Ester Montaie was riding as a passenger in the Camry at the time of the stop. Montaie testified that in the early morning of August 25, 2003, she was walking back from the store when she noticed defendant standing in front of his mother's house on Clay Street. Defendant was standing by his Cadillac at the time, which she was aware did not run. She had seen him earlier that night, however, sitting in the Camry with a woman. She asked defendant for a ride to Cypress Street. Defendant walked her over to the Camry, started it, and drove her to Cypress Street. After they were stopped by police, defendant told her the car was stolen. She was upset because she was on parole and could be found in violation for being in a stolen vehicle.

Montaie admitted at trial that she had been drinking beer and smoked rock cocaine earlier in the evening on August 24, 2003. She had smoked .1 gram from a "baby jar" pipe. At trial, she was shown the pipe found in defendant's pocket. Montaie said it was not hers and identified it as a "straight shooter" pipe. Shanean Washington, who lived across the street from defendant and considered defendant to be "kind of like a godfather" to her, testified she saw a transaction between defendant and "Woo-Woo" wherein something exchanged hands between the men and, thereafter, "Woo-Woo" left defendant with the Camry. Washington said "Woo-Woo" would always start the car and keep the key in case the car was not returned and he needed to retrieve it.

Fay Pruitt, defendant's sister, testified she saw defendant outside her house on the night of August 24, 2003. Defendant was talking to his friend when someone drove up and asked defendant if he wanted to drive the car.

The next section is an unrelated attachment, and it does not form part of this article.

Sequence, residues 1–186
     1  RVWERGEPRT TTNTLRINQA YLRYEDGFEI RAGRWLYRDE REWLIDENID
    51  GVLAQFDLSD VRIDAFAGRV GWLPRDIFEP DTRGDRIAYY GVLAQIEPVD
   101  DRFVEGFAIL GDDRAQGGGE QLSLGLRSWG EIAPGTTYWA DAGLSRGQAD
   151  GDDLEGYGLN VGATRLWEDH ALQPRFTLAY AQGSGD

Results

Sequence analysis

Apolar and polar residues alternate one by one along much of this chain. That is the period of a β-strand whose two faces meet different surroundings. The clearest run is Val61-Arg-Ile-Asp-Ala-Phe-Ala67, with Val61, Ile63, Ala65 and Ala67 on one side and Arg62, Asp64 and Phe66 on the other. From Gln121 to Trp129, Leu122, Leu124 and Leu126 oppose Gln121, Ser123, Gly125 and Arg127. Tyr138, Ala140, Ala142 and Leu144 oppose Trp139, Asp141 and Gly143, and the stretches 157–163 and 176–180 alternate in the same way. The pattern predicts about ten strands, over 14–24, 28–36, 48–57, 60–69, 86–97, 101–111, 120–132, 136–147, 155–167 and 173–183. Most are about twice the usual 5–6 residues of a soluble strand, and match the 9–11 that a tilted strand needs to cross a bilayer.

(Dkt. 22, Lodged Document 4 at 2-4.)

Petitioner was convicted by jury of receiving a stolen vehicle (a felony) and possessing drug paraphernalia (a misdemeanor). Because petitioner had previously been convicted of five robberies, for which he served four prison terms, and the court found these convictions qualified as strikes under California's "Three Strikes Law," he was sentenced to twenty-nine-years-to-life.

Petitioner timely appealed his conviction and sentence to the California Court of Appeal, Third Appellate Division, raising issues not included in this federal petition. The Court of Appeal affirmed the trial court's judgment in an unpublished decision on July 18, 2005. (See id.) Petitioner did not file a petition for review in the California Supreme Court. Accordingly, the Court of Appeal's decision became final.

On September 29, 2005, petitioner filed a petition for habeas corpus in the California Supreme Court, raising four grounds for relief. (See Dkt. 22, LD 5.) Again, none of these claims have been included in any of the prior federal petitions filed in this Court. The California Supreme Court denied this petition on July 19, 2006. (See id., LD 6.)

On January 9, 2007, petitioner filed his second state court petition for habeas corpus, this time in the Sacramento County Superior Court, presenting two claims for relief. (See id., LD 7 at 3(5) -- 4(11).) Those claims are described, infra. The superior court denied the petition on February 9, 2007, both on procedural grounds and on the merits. The court held the petition was filed fifteen months after the judgment was entered and was therefore untimely. (See id., LD 8 at 1.) The court cited In re Robbins, 18 Cal.4th 770, 811-812, 812 n.32 (1998), and In re Clark, 5 Cal.4th 750, 774-775 (1993), to support its decision. While reiterating that the petition was time-barred and that petitioner had set forth no explanation for his delay, it found that petitioner also failed to set forth a prima facie case. (See id. at 2.)

Petitioner presented the same two claims for relief to the California Supreme Court on March 14, 2007. (See id., LD 9.) On July 18, 2007, the California Supreme Court denied petitioner's state petition without explanation, with citations to In re Robbins and In re Clark. (See id., LD 10.) Petitioner's second amended petition presents in this Court the same two ...